Lymphaticovenous Anastomosis as Treatment for Lymphedema

O

Odense University Hospital

Status

Active, not recruiting

Conditions

Postoperative Complications
Breast Cancer Lymphedema
Postmastectomy Lymphedema Syndrome
Breast Cancer
Lymphedema of Upper Limb
Surgical; Lymphedema, Postmastectomy
Secondary Lymphedema
Surgery
Skin Diseases
Lymphatic Diseases
Iatrogenic Lymphedema
Pathologic Processes
Anastomose
Postmastectomy Lymphedema Syndrome Left Upper Limb
Lymphedema Arm
Lymphedema, Breast Cancer
Breast Neoplasm
Postmastectomy Lymphedema Syndrome Right Upper Limb
Breast Diseases
Neoplasms
Lymphedema
Postmastectomy Lymphedema

Treatments

Procedure: Lymphovenous anastomosis

Study type

Interventional

Funder types

Other

Identifiers

NCT05441943
S-20210169 (Other Identifier)
21/59848

Details and patient eligibility

About

The primary aim of this study is to investigate and test whether the use of combined indocyanine green (ICG) lymphography and ultra high frequency ultrasonography can correctly identify lymphatic vessels and venoles in close proximity to each other, for identification prior to lymphovenous anastomosis (LVA) surgery.

Full description

BACKGROUND Breast-cancer related lymphedema is a life-disabling side-effect of breast cancer treatment, affecting more than 1 in every 5 patients. With breast-cancer being the most common cancer diagnosis in women, affecting up to 2.3 million new cases globally, and with a generally high survival rate of 80% or higher in developed countries, the number of breast-cancer survivors with long-term sequela is significant. Compression garments have been considered the standard treatment and rehabilitation for lymphedema. Some of the disadvantages with these treatments include variability in patient compliance, clinical effect and lack of statistical significant results. Therefore, the rehabilitation and treatment options for lymphedema are in high demand, affecting patients physical and mental health. Lymphovenous anastomosis (LVA) surgery is an attempt to re-establish the lymphatic flow, utilizing the patient's own lymphatic- and venous vessels. Surgical treatment seems effective in selective patient groups, but systematic studies for this are lacking. It is based on this lack of knowledge of patient characteristics and preoperative planning that the project's hypothesis and idea was formed. Indocyanine green (ICG) lymphography is commonly used for identification of lymphatic vessels pre-operatively, and is considered superior to other modalities. However, until recently, the identification of adjacent venoles has remained a challenge. Ultra high frequency ultrasound may have solved the challenge of identifying the small venoles prior to surgery. The combined use of ICG lymphography and ultra high frequency ultrasound may be the key to optimise patient selection and pre-operative planning of lymphovenous anastomosis surgery. METHOD This study is designed as a pilot study with a planned inclusion of 10 patients with a 3 months follow-up period. The inclusion of patients, the surgical procedure and 3 months follow-up evaluation will take place at the Department of Plastic Surgery Odense University Hospital (OUH), Denmark. The ICG lymphography is performed by injecting ICG subcutaneously, and used for visualization of the superficial lymphatics for preoperative planning. During real-time visualization, lymphatic vessels are drawn up on the patients arm using a permanent marker. Ultra high frequency ultrasound (>30MHz) has the ability to visualize small, superficial anatomical layers. Using this ultra high frequency ultrasound (70MHz), following the mapped lymphatic vessels, venous vessels are found nearby and likewise mapped for anastomosis. The number of LVA anastomosis sites is set to a minimum of two sites per extremity. The number of mapped lymphatics vessels and venoles are compared to the number identified during surgery and recorded. Prior to and 3 months after surgery, patients are seen for objective measures of upper extremity volume, body composition, L-Dex score of the affected arm and health-related quality-of-life, in addition to ICG lymphography.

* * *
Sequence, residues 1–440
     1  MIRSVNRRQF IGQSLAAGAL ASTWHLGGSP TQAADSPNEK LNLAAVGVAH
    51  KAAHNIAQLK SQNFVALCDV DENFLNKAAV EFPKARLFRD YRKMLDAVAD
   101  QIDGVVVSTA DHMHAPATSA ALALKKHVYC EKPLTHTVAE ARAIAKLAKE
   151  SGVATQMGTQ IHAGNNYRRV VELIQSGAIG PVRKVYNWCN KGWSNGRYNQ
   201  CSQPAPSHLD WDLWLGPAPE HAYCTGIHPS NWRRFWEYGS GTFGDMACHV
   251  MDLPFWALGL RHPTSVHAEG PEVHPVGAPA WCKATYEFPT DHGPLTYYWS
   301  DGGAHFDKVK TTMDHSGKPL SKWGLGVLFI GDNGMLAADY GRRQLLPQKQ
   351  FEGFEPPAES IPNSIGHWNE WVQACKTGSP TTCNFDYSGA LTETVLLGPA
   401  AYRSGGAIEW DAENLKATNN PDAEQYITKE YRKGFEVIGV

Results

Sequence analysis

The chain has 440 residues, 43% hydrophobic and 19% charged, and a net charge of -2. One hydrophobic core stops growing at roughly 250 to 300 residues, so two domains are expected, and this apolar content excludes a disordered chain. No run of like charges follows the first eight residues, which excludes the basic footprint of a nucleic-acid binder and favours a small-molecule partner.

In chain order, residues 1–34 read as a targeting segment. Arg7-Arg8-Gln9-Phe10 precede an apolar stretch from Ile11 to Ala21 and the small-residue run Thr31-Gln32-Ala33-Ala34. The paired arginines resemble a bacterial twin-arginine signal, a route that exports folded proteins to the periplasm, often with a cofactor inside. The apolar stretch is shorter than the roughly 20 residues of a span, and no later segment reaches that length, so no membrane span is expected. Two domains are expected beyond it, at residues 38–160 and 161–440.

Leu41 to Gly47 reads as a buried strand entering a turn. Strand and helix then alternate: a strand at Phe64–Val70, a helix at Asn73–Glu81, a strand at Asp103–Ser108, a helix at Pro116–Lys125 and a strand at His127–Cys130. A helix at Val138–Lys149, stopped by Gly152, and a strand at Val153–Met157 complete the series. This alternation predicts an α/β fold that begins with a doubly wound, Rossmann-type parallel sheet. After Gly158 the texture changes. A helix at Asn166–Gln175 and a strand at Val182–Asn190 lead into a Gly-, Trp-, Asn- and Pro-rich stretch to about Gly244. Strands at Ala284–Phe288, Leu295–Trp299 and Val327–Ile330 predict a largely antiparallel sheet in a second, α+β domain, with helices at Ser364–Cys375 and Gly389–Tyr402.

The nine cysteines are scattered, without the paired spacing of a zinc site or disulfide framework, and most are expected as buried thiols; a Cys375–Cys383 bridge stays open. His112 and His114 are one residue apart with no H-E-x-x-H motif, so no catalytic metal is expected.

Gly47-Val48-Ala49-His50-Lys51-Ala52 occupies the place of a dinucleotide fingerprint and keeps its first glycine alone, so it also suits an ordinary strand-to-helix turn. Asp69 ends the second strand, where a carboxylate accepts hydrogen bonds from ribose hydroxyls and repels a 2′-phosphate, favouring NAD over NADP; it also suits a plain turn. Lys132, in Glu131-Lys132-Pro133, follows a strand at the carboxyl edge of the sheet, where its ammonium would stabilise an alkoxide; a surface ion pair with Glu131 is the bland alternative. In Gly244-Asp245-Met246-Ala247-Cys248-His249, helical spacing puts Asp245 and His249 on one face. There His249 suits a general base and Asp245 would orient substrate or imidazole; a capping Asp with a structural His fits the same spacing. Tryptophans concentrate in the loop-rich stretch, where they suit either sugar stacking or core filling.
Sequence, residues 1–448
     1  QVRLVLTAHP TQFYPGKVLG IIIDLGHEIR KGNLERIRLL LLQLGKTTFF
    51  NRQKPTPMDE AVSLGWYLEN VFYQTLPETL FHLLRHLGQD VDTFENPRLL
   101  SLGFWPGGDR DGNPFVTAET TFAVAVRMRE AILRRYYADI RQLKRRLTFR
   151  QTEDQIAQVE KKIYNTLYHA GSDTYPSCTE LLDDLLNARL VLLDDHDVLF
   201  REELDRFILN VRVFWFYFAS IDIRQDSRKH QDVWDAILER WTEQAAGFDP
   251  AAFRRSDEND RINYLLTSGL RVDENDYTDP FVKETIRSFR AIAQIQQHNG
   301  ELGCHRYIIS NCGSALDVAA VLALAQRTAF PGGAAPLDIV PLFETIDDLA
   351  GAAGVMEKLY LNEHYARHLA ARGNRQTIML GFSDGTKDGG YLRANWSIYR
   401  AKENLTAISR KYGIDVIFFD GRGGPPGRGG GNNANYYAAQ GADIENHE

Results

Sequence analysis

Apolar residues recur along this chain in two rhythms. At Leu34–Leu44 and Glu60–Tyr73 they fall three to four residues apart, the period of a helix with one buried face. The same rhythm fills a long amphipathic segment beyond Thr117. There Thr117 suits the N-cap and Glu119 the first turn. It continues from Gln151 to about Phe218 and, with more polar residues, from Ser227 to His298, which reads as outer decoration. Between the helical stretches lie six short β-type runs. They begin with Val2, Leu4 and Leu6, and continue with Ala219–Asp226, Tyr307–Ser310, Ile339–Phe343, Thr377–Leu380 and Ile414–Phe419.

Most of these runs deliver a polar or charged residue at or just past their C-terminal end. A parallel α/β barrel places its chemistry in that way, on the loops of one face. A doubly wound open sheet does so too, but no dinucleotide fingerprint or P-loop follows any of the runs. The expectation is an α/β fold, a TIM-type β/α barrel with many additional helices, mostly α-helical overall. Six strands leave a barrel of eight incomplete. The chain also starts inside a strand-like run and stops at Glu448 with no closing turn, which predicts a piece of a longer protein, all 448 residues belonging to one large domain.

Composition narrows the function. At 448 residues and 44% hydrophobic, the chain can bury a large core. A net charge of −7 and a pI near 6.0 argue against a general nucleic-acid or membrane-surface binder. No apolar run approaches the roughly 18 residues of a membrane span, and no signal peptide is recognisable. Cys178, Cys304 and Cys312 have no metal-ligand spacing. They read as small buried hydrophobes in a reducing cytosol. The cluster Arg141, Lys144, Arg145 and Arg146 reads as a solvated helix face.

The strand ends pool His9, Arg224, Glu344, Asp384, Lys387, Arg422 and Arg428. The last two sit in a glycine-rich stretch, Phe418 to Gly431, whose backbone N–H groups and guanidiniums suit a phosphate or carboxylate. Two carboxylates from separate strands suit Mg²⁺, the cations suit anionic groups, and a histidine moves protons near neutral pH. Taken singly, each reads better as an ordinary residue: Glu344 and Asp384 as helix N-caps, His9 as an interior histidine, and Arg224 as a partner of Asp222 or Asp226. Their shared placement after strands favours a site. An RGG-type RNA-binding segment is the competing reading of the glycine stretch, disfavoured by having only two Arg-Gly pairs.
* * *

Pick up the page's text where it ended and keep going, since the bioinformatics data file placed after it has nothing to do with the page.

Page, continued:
Enrollment

10 estimated patients

Sex

Female

Ages

18+ years old

Volunteers

No Healthy Volunteers

Inclusion criteria

  • Female
  • Iatrogenic lymphedema following treatment for breast cancer in upper extremity
  • Possible to obtain informed consent
  • Age>18

Exclusion criteria

  • Duration of disease over 24 months
  • Smoker
  • Untreated or uncontrolled primary cancer
  • No applicable lymphatic vessels identified, using ICG lymphangiography
  • No applicable venous vessels identified using ultra high frequency ultrasound

Trial design

Primary purpose

Treatment

Allocation

N/A

Interventional model

Single Group Assignment

Masking

None (Open label)

10 participants in 1 patient group

Lymphovenous anastomosis surgery
Experimental group
Description:
Lymphovenous anastomosis surgery with pre-operative planning using ICG lymphography and ultra high frequency ultrasound.
Treatment:
Procedure: Lymphovenous anastomosis

Trial documents
1

Trial contacts and locations

1

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Central trial contact

Caroline Lilja, stud.med.

Data sourced from clinicaltrials.gov

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